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GM Canada’s market share has plunged by more than half to just 13.5 per cent, which is believed to be the lowest level since the 1920s. (MARK BLINCH/REUTERS)
GM Canada’s market share has plunged by more than half to just 13.5 per cent, which is believed to be the lowest level since the 1920s. (MARK BLINCH/REUTERS)

Why GM's Canadian sales are in reverse despite parent’s recovery Add to ...

As General Motors Co. executes a comeback from the greatest crisis in its history, its Canadian sales unit is missing in action.

General Motors of Canada Ltd., No. 1 in the Canadian market for the better part of a century, slid to third place last year on the back of its seventh-consecutive annual drop in vehicle sales. Its parent company, by contrast, posted its third straight increase in the U.S. market.

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The 7-per-cent sales slump by GM Canada – a decline that came as overall industry sales in Canada rose 6 per cent to the second-highest level yet – reflects the new reality of fierce competition in the auto industry that prevents one company from gaining the kind of domination GM enjoyed for decades.

Market share and sales fell in part last year because of an aging product lineup and aggressive incentives by competitors. GM Canada is also still dogged by the elimination in 2009 of the Pontiac brand.

Pontiac accounted for a much larger proportion of the company’s business in Canada than it did in the United States.

As sales dropped steadily since 2005, GM Canada’s market share has plunged by more than half to just 13.5 per cent, which is believed to be the lowest level since the 1920s.

The slide is being closely watched by the approximately 460 dealers across the country and competitors to see how the company will respond. The auto maker is in the midst of one lawsuit with a group of its current dealers and another involving many of the 240 dealers it terminated in 2009.

Dealers not involved in the lawsuits were so worried in the midst of last year’s lacklustre performance that they undertook a survey to show GM how unhappy they were and presented it to GM North America president Mark Reuss at a dinner in a Toronto hotel in late October.

“The survey gave the state of the nation and it’s simple to see,” said George Badanai, who owns Badanai Motors Ltd., a Chevrolet Cadillac dealership in Thunder Bay, Ont., and is a member of the dealer communications team that advises GM Canada on issues affecting its retailers. “We’re down on market share and we want to see a turnaround. It’s that simple. We need volume.”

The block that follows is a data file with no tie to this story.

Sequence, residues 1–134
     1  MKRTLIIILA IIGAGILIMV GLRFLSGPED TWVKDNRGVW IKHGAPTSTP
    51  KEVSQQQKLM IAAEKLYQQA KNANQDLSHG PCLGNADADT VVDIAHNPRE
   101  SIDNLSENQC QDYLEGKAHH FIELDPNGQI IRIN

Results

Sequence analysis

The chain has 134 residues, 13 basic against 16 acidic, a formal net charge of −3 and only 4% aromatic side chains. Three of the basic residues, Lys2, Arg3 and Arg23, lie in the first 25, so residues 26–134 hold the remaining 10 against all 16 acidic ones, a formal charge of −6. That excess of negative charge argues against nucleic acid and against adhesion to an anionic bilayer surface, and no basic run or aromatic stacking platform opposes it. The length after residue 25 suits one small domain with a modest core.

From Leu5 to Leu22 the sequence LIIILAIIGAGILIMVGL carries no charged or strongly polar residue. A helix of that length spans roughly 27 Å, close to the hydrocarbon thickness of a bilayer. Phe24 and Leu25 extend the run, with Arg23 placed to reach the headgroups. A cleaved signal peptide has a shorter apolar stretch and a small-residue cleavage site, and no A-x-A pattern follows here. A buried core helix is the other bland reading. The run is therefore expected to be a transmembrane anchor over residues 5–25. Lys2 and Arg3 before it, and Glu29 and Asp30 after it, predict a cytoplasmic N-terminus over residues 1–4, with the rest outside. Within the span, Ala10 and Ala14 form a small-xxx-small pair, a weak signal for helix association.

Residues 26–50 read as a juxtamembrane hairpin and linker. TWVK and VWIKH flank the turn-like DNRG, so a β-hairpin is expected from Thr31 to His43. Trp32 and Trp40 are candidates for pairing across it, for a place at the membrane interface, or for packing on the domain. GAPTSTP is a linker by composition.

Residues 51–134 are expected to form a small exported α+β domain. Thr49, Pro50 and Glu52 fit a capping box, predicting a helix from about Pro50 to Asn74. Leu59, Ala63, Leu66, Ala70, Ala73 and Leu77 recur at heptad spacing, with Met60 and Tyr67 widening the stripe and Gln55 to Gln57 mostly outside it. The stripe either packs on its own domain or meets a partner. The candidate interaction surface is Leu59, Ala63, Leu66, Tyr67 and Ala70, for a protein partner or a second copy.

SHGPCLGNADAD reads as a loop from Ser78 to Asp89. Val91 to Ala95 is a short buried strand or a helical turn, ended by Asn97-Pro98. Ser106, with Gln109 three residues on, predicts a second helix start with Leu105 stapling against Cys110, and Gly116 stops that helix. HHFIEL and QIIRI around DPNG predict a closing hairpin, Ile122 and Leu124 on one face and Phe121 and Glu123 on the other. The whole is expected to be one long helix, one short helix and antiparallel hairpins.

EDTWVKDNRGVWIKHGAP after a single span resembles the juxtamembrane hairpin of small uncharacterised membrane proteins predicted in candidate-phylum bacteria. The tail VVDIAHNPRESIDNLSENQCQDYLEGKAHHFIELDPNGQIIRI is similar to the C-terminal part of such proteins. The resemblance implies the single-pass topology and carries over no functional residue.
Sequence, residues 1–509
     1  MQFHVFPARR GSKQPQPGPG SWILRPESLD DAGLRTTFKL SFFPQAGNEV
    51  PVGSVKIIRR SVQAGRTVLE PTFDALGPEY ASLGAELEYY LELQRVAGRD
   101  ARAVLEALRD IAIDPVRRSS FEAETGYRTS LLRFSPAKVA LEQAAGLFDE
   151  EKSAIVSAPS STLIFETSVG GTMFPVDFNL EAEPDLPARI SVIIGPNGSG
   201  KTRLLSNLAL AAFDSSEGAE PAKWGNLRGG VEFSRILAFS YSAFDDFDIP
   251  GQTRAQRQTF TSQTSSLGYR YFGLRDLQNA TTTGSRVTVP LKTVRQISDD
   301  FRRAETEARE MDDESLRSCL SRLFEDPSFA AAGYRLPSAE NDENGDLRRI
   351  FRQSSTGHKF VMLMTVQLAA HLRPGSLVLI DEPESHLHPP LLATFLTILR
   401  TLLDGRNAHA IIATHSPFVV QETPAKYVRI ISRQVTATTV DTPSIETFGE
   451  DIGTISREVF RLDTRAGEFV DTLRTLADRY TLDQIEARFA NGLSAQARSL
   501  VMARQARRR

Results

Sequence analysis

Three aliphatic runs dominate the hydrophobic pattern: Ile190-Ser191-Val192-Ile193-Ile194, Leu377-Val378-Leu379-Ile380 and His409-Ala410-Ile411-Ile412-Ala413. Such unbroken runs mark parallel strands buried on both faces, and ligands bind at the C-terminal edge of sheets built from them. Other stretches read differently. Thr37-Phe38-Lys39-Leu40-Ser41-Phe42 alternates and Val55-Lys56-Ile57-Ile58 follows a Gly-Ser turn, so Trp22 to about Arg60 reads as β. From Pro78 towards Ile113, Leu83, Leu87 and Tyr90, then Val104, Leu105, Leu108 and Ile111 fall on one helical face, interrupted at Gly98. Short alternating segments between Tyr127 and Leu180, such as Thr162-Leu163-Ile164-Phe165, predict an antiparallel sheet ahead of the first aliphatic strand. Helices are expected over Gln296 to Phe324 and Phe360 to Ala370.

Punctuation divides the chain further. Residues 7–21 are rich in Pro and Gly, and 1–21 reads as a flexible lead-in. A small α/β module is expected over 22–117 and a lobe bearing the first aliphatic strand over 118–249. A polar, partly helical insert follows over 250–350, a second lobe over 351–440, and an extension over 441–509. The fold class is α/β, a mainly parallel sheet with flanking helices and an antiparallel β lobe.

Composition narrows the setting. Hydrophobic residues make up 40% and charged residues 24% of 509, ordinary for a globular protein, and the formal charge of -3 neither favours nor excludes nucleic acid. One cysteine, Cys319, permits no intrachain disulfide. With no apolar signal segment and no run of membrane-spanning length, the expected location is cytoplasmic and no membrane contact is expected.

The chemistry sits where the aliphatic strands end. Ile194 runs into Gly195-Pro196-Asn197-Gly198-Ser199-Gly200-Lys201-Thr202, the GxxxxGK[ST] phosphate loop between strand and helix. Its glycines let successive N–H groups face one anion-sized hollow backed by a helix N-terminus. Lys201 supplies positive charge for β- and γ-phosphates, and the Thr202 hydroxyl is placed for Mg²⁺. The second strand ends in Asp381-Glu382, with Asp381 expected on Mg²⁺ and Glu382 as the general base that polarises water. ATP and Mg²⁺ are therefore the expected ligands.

He said dealers were told in 2009 that GM was aiming for annual market share of 17 per cent.

“If you stopped at sales and market share, you’d say not a great year,” GM Canada president Kevin Williams told a small group of reporters Monday at the North American International Auto Show in Detroit.

But the plan GM Canada put in place after the parent company’s bankruptcy restructuring amid the Great Recession in 2009 is all about boosting the company’s financial performance. It calls for lower fewer? incentives, less reliance on sales to rental companies and other buyers, improved brand awareness, and an increase in the resale values of vehicles and their value when consumers bring them back from leases, Mr. Williams said.

“Prebankruptcy we had the lowest brand opinion in the marketplace, prebankruptcy we had the lowest residual values in the marketplace, we disproportionately put a lot of vehicles into fleet – particularly into rental companies – and we had to price at the bottom of the market,” he said. “That’s the old General Motors.”

Competitors offered heavy incentives last year and, in some months, fleet sales represented 40 per cent to 50 per cent of some auto makers’ sales in Canada, while GM Canada remained disciplined, he said.

Mr. Reuss, GM’s North America president, said the company’s recovery in Canada is lagging about a year behind the U.S. comeback, in part because Pontiac was a more important brand in Canada than the United States.

GM cut back drastically on spending to develop new vehicles while it was in bankruptcy, so the lack of new vehicles affected both Canadian and U.S. sales, Mr. Reuss said.

The announcement late last year that production of the Chevrolet Camaro will be shifted to Lansing, Mich., from a plant in Oshawa, Ont., infuriated GM Canada workers and angered the governments of Canada and Ontario, which contributed $10.6-billion to the $60-billion bailout of the company’s parent.

The decision to shift Camaro production to Michigan, Mr. Williams said, is an example of the new discipline – consolidating all rear-wheel-drive vehicle production in Lansing will make the company more efficient and save money.

New vehicles such as the Buick Encore small crossover and GM’s redesigned full-sized pickups should help market share recover, he said.

Mr. Badanai and other dealers are looking forward to those vehicles.

Peter Heppner, general manager of Preston Chevrolet Buick GMC Cadillac in Langley, B.C., said dealers are encouraging the company to offer more aggressive incentives and have already seen such moves in the first part of January.

“The moves they’ve made in the past 10 days have been significant and we’re thinking they’re an absolutely correct first step,” said Mr. Heppner, who is also chairman of the dealer advisory group.

“Is it enough? That’s the question. It’s a competitive business. The real test will be when competitors respond. Do we have a will to be in the game? That’s the question.”

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